It was only natural that voice (or, more specifically, conversational user interfaces) would be in that mix. When we were handed an Amazon Echo device under a table in a cafe in London (sometime in early 2016 – several months before the Echo’s UK release) that gave us the route to market we were looking for.

The Next Frontier

From a Design perspective, conversational UIs are clearly the next interaction frontier. They’re the perfect fit for busy people, they don’t suffer from the cognitive load and friction of moving between inconsistently-designed apps’ walled gardens (something I’ve called Beautiful Room Syndrome), and they have a slew of tangential benefits that might not be obvious at first thought. For example, our data seems to suggest that more users interacting with our skill seem to skew older. I find this fascinating! And entirely obvious, when you think about it.
There’s a whole generation of people for whom technology is alien and removed from the kinds of interactions they’re used to. Now, almost out of nowhere, the technologies of deep learning, natural language processing, neural networks, speech recognition and cloud computing power have matured to enable a kind of interaction at once both startlingly new and compelling, whilst being so obvious, inevitable and natural. At last, these people who would have been forced to learn the complexities and vagaries of touchscreen interfaces to engage in the digital world, will be given access using an interface they’ve have been using since childhood.
Amazon clearly recognised the new market they were unlocking. After the Amazon Echo speaker (around £150), they quickly followed up with a range of new devices and price points. Possibly most compelling is the £50 Echo Dot – a device barely larger than a paperback on it’s side, but packing all the same far-field microphone technology allowing it to hear you across the room and all the same Alexa-enabled smarts as it’s more expensive cousins. With the launch of the Echo Show, Amazon have addressed one of the more significant constraints of a voice-only interface: we live in an information age, and sometimes it’s just better to show what the user’s asked for, rather than describe it.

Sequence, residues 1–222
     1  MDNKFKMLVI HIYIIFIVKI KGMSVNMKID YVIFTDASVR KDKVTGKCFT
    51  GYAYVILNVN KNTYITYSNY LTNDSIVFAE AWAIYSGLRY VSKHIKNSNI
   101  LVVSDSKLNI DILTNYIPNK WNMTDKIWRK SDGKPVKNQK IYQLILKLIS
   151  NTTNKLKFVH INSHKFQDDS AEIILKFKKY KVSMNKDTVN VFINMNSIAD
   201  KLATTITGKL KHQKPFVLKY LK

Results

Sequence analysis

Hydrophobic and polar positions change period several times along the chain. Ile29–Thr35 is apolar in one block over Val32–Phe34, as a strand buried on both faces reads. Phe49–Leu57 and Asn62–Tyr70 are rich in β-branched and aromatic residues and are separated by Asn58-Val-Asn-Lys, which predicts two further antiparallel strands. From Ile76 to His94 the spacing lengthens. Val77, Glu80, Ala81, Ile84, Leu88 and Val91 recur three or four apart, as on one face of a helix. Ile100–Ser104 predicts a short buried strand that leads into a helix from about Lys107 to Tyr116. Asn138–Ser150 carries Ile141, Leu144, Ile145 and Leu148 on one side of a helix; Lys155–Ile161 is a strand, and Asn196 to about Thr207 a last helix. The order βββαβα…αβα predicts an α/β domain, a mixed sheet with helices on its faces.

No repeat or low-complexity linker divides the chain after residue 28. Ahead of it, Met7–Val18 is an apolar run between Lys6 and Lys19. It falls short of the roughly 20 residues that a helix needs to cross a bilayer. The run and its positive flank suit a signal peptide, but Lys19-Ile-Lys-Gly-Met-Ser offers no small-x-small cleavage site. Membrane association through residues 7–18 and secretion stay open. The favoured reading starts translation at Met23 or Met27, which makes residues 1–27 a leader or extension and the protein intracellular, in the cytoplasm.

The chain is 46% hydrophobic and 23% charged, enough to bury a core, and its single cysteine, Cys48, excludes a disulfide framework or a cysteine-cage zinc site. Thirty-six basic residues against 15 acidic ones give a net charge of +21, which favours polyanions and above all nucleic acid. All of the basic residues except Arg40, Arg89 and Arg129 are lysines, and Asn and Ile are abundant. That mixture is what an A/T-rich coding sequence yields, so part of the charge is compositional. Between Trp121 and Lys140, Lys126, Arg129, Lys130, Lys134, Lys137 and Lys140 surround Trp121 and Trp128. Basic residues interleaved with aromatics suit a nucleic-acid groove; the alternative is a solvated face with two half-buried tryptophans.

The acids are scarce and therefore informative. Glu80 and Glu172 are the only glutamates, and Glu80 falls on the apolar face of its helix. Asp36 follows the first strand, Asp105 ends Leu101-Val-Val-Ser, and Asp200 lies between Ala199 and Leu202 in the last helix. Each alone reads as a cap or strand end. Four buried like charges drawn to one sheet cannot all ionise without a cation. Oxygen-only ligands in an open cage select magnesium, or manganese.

Designing For Alexa

Amazon’s design guidance on their screen-based devices is strong, and shows their obvious strategic push towards voice experiences that are augmented by simple information displays. Designing for the Show will give you all you need to translate your skill to Alexa on Fire tablets and Fire TVs, if and when Amazon enable these devices. It’s an inevitable natural progression of the voice interface, and Amazon have made some strategic design decisions to help make your skill as portable as possible.
For example, you don’t have control over all of those 1024×600 pixels. Instead, you have (at the moment) 6 customisable templates that you can insert content into. Ostensibly, there are two types: lists and blocks of text. Into that, you have four font sizes and a range of basic markup you can specify (bold, italic, etc.). You can also insert inline images (although not animated GIFs – we tried!) and ‘action buttons’ which are controls that will fire the same action as if they user said the command. Each template also contains a logo in the top right, page title and a background image. It’s fair to say the slots you get to fill are fairly limited, but this is deliberate and positive step for the Alexa user experience.
[For a more detailed breakdown of how to build an app for Echo Show, take a look at my colleague Andy May’s in-depth article]